Sleeplessness in women is characterized by difficulty in having quality, timely and deep sleep. This condition otherwise called insomnia can negatively affect the state of your physical, emotional and mental health (see sleep disorder).
A good sleeping pattern improve concentration and memory development, it refreshes the immune system and helps repair cell damage, which helps to prevent diseases.
Sleeplessness is a national problem that requires everyone’s attention, it afflicts over 70 million Americans costing billions in healthcare. The American Psychiatric Association estimated that 10-20 percent of people complain of significant sleep problems while other statistics also show that more women suffer insomnia than men.
It is now a known fact that younger women generally have better sleep compared to older women whose sleeping pattern come under pressure due to some critical factors discussed below.
Six key causes of Sleeplessness in Women
The various root causes of sleeplessness are evolving and still on the count, however, it is more certain that every woman will experience insomnia at one stage of their life or the other.
This blog will only discuss a selected few among the many causes of sleeplessness in women.
1) Anxiety and Depression
Anxiety disorders represent the most common and pervasive mental disorders in the United States.
According to the Anxiety and Depression association of America (AADA), women account for almost twice of the diagnosed cases of anxiety disorder when compared to men in their lifetime. In the past year, prevalence of any anxiety disorder was higher for females (23.4%) than for males (14.3%).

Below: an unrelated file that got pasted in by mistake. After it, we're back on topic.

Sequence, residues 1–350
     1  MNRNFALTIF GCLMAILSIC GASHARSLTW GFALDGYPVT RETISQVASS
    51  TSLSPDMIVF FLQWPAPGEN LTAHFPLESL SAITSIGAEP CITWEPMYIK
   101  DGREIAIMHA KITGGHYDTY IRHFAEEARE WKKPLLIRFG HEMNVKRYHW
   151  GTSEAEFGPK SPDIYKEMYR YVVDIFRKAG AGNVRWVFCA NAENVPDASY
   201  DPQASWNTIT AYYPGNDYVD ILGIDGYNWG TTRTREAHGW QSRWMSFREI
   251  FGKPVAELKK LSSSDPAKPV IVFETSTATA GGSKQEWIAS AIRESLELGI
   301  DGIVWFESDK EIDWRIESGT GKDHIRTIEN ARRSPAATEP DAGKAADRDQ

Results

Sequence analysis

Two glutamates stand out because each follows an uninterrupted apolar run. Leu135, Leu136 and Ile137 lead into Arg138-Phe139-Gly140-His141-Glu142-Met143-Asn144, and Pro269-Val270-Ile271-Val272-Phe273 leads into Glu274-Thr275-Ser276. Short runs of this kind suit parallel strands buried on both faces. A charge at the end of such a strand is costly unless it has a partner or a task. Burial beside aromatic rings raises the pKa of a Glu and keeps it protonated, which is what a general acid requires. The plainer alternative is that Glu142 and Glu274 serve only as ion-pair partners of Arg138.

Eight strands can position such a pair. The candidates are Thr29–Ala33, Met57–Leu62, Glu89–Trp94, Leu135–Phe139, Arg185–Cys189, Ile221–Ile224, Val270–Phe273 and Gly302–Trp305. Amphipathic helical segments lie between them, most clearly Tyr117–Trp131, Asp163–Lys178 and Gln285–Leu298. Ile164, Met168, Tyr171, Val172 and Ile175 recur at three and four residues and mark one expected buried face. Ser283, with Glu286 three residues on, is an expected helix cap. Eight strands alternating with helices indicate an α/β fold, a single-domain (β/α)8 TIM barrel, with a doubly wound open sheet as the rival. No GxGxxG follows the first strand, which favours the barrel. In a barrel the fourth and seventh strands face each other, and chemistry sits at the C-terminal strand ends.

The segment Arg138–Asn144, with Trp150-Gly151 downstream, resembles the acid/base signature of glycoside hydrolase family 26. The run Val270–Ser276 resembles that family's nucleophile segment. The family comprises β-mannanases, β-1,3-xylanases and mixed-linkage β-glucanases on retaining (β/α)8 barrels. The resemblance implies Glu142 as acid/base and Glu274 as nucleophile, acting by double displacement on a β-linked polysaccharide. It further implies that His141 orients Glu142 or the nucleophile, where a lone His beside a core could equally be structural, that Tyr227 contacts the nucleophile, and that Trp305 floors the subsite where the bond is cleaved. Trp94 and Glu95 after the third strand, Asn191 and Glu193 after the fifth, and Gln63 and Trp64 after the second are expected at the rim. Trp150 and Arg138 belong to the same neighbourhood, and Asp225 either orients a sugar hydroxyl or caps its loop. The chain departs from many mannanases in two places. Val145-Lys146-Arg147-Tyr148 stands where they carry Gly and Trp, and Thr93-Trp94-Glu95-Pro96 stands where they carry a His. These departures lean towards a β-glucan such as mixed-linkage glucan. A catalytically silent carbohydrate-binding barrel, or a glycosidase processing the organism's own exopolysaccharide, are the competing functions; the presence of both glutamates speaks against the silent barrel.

An anxiety that is not addressed over a period can degenerate to depression, this observation most time is due to our social structure that places more burden on women, particularly in cases of divorce and child custody.
An example is a single working mom with kids, she has a lot to chew from worries about her kids, her office and her future; getting to bed early or resting well may not be an easy norm for such a mom.
The growth cycle of a woman’s life, starting from adolescence through old age comes with hormonal shifts that impinge on a woman’s sleeping pattern. The observed hormonal changes and imbalances reverberate through monthly menstrual shifts, pregnancy, peri-menopause, menopause, and post-menopausal stages.
These hormonal changes are temporary just as the stages are in phases, women should, therefore, embrace proper sleep hygiene to overcome sleeplessness or insomnia that may occur.
- Menstruation (Menstrual Insomnia)
There are two hormones that come into play during this period, one is estrogen that keeps you alert and progesterone that makes you sleepy. As the levels of estrogen decrease during menstruation, the progesterone induces sleepiness. The ovulation period is also characterized by rising progesterone which also make you feel sleepy.
Hence, the menstrual period is characterized by very low hormone levels and many women during their periods complain of sleepiness. Some women are hit most by insomnia during the pre-menstrual periods while others have the same challenges within the menstrual period.
- During Pregnancy
- Post-pregnancy Sleeplessness after the birth of a baby
Sleeplessness or Insomnia during pregnancy is not a strange development, however, it becomes more noticeable during the second and third trimesters as more pregnancy symptoms manifest and the belly of the expectant mom becomes protruding which make settling down in bed uncomfortable.